The saddest but also most hilarious one is called colloidal silver, which allegedly has germ-fighting powers.Side note: if you drink enough of it, you can turn yourself into a human-sized Smurf. The condition is called argyria, and it happens when the silver accumulates in your skin cells, gets exposed to light, and essentially tattoos you from the inside out. But that’s about as effective as that treatment gets. It probably won’t kill you, but it won’t kill the coronavirus either. Neither does any essential oil, not DoTerra, not Young Living, none of them. The FDA is sending warning letters to these companies as the agency is made aware of claims that the oils do anything but smell nice (or gross, as is the case with patchouli, IMO). But the warning letters are only that for now — warnings — and include this plea:

Within 48 hours, please send an email to COVID-19-Task-Force-CDER@fda.hhs.gov describing the specific steps you have taken to correct these violations. Include an explanation of each step being taken to prevent the recurrence of violations, as well as copies of related documentation. Failure to immediately correct the violations cited in this letter may result in legal action, including, without limitation, seizure and injunction.

May result in legal action. Were I a scammer, I would not bat one single eyelash after reading that.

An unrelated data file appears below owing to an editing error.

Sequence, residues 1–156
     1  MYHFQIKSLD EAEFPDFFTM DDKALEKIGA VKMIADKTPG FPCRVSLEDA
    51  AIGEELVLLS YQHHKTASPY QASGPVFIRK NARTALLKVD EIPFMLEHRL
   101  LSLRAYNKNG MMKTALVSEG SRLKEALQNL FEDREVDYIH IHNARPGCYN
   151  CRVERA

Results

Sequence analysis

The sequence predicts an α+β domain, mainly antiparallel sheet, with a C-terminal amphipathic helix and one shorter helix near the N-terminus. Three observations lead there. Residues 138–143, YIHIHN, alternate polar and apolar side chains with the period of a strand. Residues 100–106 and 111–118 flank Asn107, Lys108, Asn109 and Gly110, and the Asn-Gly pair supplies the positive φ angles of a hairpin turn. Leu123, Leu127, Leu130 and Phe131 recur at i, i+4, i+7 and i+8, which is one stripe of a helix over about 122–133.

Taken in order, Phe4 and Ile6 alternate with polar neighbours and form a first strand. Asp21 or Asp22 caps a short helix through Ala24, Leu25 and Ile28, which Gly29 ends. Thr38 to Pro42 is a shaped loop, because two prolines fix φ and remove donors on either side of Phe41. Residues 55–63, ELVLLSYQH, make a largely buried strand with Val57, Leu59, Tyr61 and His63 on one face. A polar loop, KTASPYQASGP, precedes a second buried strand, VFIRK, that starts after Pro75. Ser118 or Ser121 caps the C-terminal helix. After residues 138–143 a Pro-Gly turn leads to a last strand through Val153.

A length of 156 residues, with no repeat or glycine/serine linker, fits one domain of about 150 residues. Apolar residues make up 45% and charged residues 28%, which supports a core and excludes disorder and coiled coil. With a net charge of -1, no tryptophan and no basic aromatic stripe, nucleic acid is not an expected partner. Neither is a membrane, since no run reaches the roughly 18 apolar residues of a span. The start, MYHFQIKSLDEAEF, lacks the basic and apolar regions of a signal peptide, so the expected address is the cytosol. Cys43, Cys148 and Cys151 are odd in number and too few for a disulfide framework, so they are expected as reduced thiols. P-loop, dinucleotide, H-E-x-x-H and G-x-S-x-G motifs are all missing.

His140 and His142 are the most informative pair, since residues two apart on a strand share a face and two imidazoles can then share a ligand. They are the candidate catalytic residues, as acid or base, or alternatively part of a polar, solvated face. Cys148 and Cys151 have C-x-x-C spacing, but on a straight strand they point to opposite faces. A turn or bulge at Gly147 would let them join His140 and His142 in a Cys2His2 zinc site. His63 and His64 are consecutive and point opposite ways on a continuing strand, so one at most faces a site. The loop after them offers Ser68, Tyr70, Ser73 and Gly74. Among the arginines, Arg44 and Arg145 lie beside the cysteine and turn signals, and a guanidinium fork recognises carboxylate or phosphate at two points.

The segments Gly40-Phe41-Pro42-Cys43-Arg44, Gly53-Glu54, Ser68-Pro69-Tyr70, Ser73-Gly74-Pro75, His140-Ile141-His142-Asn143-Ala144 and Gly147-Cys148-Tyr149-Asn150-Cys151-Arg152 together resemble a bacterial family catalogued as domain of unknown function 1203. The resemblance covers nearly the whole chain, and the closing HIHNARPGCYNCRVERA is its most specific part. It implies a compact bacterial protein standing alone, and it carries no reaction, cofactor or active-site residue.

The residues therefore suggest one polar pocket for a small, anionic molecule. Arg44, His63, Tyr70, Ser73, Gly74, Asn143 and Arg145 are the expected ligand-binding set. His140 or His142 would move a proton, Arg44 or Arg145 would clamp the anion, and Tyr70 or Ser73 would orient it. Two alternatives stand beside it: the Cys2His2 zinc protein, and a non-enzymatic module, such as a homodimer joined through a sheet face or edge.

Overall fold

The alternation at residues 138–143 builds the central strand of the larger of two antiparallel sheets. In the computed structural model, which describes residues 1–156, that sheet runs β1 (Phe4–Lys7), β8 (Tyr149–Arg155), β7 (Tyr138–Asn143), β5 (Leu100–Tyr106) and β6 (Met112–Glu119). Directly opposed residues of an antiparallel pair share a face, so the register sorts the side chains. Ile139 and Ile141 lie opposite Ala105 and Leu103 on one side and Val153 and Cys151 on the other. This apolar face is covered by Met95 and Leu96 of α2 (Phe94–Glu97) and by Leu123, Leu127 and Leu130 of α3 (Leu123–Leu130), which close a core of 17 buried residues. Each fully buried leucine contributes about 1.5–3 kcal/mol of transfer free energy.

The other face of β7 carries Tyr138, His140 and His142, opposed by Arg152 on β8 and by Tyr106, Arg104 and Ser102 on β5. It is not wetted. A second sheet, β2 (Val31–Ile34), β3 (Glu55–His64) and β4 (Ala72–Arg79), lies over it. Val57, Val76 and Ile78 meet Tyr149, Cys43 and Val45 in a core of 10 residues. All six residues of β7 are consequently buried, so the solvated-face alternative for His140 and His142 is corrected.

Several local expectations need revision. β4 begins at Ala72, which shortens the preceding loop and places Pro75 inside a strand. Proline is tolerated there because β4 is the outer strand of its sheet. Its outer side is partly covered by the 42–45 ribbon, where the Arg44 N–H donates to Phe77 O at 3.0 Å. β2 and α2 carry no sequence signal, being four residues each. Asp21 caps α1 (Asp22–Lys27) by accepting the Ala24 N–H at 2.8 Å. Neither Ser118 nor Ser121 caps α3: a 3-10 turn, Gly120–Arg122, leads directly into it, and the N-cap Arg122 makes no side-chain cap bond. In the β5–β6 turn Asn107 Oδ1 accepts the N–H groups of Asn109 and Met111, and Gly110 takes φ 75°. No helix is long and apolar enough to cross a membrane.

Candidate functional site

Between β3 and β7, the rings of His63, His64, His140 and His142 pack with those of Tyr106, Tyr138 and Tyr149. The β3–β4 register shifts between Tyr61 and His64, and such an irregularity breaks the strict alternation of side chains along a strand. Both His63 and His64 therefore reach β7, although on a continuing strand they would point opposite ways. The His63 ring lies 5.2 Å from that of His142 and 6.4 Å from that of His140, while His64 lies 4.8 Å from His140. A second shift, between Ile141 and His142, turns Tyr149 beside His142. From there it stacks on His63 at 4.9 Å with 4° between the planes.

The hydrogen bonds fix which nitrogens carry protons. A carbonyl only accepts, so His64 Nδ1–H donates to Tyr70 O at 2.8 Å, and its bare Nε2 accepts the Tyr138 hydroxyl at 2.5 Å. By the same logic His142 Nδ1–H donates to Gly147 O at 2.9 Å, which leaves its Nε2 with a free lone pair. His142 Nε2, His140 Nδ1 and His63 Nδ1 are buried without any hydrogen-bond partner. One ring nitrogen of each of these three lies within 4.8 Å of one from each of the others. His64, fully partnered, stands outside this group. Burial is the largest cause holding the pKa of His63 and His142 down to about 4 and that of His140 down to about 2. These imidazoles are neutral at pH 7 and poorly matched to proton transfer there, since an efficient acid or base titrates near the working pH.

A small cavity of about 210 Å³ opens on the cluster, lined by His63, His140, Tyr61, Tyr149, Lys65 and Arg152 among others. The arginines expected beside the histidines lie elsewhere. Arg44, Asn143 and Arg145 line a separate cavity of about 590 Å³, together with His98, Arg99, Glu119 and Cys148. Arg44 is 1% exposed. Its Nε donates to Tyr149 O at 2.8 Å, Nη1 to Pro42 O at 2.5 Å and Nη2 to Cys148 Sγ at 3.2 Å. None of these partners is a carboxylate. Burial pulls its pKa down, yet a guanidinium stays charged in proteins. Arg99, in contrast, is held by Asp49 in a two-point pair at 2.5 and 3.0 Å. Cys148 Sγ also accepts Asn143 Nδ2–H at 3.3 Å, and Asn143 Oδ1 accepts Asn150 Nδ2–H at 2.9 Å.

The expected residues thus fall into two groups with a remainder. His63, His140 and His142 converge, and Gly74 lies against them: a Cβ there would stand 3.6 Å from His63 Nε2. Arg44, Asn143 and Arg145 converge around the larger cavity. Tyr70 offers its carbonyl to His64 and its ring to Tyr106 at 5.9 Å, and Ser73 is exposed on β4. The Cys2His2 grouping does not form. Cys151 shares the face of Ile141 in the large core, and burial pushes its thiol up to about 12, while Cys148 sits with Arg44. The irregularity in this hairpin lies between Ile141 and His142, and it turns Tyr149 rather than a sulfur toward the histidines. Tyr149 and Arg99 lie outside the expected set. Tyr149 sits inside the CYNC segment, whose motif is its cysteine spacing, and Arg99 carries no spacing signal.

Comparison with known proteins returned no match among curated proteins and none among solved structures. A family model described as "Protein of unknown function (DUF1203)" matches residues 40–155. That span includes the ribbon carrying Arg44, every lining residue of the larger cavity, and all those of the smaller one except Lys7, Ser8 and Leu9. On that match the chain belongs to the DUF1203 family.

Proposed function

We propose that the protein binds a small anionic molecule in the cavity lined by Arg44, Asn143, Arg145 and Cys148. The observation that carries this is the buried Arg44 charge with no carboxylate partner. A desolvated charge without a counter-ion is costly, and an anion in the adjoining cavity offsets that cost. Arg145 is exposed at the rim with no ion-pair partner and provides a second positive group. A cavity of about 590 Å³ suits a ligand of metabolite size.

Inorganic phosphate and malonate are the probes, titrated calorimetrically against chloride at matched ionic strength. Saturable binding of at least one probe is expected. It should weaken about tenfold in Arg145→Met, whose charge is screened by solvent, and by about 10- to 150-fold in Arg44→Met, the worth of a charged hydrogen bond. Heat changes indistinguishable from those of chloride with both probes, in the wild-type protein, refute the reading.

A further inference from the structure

There are smaller businesses trying to fly under the radar to sell the same crap. One of you sent me a note about this woman named JoAnn, who believes she is French royalty but for some reason has to peddle a “Coronavirus oil” on her shitty website? I sent the tip to Truth in Advertising (which is honestly a much better target for these messages than my spam folder), but JoAnn is still at it, claiming it’s her version of thieves oil, which was purportedly used in the 14th century to ward off the Black Plague (as if science hasn’t moved on since then). She states on her website: “I have decided to sell it again for this pandemic with the Corona Virus and any other flu virus that is going rampant.” Okay, JoAnn.

Have you ever heard of Kangen Water? Neither had I until I got flooded with emails about it! It’s a patented fucking WATER sold through multilevel marketing (always a tip-off that something is bullshit!) that has been either alkalinized or made more acidic so you can drink water with different pH balances for some reason? What Kangen Water is NOT is a cure for the coronavirus, okay? It’s fucking water. Even Wikipedia knows it’s nonsense: “Such claims violate basic principles of chemistry and physiology.” Imagine getting owned by WIKIPEDIA.

You may have heard about Chris Cuomo’s wife, Cristina, bathing in Clorox bleach, which she falsely claimed helped shorten the duration of the coronavirus that attacked her family. How any single person could make the determination that the duration of an illness was shortened by any single “treatment” is beyond me, since there’s no way to know how long something will last without a control group, Cristina. But! Have you also heard of drinking bleach to cure Covid-19? I have, now, because of a link I was sent to this article about the idiot who told our president it was a good idea. It’s not. I cannot believe I just had to type that. NEVER DRINK BLEACH.